In respect to creating something that others will flock to, I asked Ben to talk about his brave move of opening up a new pledge level that encouraged crowd-sourced material. This has become a normal part of many Kickstarter projects – create or name a character, place, item or event – and it sounds like an easy way to make extra money but clearly requires a huge investment in time, effort and effective communication. Ben was pragmatic about the decision: “Sure you open yourself up to risk, but I think the rewards well outweigh the risks.” He talked about management and setting clear guidelines, schedules and, possibly most importantly, retaining editorial control. He certainly seems to have a good balance of backer creativity and risk mitigation. The second part of his answer speaks volumes about what I think is such a cornerstone of the Kickstarter experience: “The bigger risk I think is in not involving your game’s community and fanbase, as that puts this sort of artificial separation between the game’s creator and the game’s consumer.” A principle I am sure all his backers will appreciate.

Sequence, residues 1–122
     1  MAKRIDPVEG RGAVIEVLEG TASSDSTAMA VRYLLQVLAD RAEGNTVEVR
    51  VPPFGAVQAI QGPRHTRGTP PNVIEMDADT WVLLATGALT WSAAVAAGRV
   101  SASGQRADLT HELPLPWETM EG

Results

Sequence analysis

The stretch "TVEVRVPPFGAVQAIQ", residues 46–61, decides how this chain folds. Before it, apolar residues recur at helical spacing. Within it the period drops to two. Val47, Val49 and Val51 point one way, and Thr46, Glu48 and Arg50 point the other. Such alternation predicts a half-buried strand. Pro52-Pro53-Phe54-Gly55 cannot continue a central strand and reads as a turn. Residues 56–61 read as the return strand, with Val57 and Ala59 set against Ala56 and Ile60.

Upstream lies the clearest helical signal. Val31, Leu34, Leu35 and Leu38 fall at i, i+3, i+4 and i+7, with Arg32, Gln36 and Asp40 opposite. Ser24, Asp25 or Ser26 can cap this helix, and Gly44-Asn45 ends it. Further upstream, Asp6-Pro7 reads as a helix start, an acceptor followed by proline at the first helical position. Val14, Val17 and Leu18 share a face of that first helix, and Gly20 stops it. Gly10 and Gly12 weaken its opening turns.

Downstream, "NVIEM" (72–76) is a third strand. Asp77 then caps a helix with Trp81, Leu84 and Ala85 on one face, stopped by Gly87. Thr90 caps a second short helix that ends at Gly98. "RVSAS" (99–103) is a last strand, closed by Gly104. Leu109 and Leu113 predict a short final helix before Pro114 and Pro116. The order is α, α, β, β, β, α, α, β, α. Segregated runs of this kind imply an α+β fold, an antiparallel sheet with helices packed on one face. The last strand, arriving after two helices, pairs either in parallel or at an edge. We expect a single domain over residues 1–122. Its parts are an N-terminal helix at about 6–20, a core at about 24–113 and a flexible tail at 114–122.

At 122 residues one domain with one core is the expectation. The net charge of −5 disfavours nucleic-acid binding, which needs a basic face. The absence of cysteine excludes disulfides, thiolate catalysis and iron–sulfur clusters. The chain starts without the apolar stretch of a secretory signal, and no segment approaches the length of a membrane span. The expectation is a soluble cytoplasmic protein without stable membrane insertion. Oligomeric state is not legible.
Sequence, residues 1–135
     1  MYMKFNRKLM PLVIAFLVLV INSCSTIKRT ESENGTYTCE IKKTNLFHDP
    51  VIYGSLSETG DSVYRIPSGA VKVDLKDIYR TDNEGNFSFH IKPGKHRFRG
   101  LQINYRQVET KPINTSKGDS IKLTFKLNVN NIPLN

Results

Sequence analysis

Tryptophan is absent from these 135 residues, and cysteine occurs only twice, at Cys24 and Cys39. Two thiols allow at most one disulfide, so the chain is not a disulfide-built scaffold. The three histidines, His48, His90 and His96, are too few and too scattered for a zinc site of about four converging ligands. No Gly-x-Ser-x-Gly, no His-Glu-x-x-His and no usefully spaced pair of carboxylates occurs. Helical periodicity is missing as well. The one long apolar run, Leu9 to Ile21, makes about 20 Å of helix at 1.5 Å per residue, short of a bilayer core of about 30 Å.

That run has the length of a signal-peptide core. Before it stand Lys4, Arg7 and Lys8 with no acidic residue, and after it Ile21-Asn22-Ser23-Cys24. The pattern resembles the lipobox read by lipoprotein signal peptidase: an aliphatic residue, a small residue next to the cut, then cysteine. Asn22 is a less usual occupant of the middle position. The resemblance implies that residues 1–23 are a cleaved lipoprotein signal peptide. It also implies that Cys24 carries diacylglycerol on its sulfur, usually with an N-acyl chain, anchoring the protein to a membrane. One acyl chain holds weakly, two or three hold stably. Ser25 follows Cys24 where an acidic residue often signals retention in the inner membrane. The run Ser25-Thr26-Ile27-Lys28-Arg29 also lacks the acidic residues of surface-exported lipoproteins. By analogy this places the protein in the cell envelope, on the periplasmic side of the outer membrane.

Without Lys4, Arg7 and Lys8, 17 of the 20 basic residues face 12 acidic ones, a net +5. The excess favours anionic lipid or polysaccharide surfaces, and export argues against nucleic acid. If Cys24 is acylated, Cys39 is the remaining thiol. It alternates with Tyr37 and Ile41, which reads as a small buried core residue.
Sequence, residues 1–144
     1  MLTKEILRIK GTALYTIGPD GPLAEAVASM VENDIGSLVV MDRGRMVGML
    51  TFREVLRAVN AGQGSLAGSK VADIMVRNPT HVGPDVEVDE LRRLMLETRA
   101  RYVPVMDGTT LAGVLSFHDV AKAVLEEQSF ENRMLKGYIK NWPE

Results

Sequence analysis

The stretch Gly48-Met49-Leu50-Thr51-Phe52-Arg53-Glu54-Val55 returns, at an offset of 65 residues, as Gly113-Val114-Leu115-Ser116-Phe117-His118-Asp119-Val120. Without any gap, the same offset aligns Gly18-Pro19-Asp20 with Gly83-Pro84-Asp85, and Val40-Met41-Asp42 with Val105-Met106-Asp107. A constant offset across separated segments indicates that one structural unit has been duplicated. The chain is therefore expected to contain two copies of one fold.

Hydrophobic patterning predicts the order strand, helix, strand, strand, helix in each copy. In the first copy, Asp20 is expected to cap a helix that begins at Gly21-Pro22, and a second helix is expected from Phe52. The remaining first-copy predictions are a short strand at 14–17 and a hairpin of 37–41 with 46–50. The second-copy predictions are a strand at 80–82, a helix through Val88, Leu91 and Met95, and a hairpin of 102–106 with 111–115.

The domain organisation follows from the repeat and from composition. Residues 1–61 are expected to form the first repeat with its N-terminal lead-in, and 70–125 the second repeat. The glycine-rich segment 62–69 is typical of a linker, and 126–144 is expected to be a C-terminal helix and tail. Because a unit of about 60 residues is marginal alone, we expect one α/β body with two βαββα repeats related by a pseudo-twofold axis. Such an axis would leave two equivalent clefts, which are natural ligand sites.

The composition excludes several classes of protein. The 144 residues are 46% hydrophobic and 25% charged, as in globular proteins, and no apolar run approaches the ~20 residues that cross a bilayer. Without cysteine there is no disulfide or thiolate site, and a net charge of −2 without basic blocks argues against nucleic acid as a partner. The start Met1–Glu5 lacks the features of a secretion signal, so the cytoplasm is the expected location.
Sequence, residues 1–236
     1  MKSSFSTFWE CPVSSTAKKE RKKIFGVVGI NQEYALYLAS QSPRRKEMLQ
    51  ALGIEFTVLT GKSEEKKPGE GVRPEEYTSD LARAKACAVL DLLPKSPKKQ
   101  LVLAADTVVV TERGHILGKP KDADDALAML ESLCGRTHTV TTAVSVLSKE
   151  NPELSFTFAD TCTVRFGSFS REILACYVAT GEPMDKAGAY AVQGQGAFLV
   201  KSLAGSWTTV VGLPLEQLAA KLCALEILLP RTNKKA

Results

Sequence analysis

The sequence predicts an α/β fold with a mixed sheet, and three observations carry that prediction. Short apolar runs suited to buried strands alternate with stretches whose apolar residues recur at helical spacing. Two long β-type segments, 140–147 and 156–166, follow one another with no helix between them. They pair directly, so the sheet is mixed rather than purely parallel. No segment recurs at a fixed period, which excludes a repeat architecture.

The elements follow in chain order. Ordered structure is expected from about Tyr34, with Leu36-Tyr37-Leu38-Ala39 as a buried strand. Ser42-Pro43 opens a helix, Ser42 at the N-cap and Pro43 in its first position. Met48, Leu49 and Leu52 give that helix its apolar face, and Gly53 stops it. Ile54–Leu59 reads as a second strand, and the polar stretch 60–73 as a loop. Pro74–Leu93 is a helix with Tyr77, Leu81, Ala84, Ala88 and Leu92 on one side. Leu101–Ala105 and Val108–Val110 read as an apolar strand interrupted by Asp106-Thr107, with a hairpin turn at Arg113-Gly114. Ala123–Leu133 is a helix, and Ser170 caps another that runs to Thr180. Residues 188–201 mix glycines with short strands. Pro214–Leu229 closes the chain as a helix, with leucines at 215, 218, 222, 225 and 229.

The final question I set to Skull was more personal, seeing that we shared a route into RPGing through Palladium game books. I wondered what his favourite systems were and whether any had provided inspiration during the creative process of designing his own RPG. He responded: “I think hands down that Shadowrun (3rd Edition) is my favourite game system.” He commented that he still played Palladium Fantasy, D&D, Savage Worlds and White Wolf, among others. We have both spent most time in the Palladium universe and both found inspiration somewhere in their systems. Mine came through the abilities and traits, Skull’s through how armour actually felt like it did something. On discovering that other game systems he played didn’t offer armour that degraded as it was used, he ensured that armour in Cleadonia was able to absorb damage and be destroyed in a track-able manner. He also brought over the layered armour approach of Shadowrun, because it made sense and added a layer of realism he personally likes in games.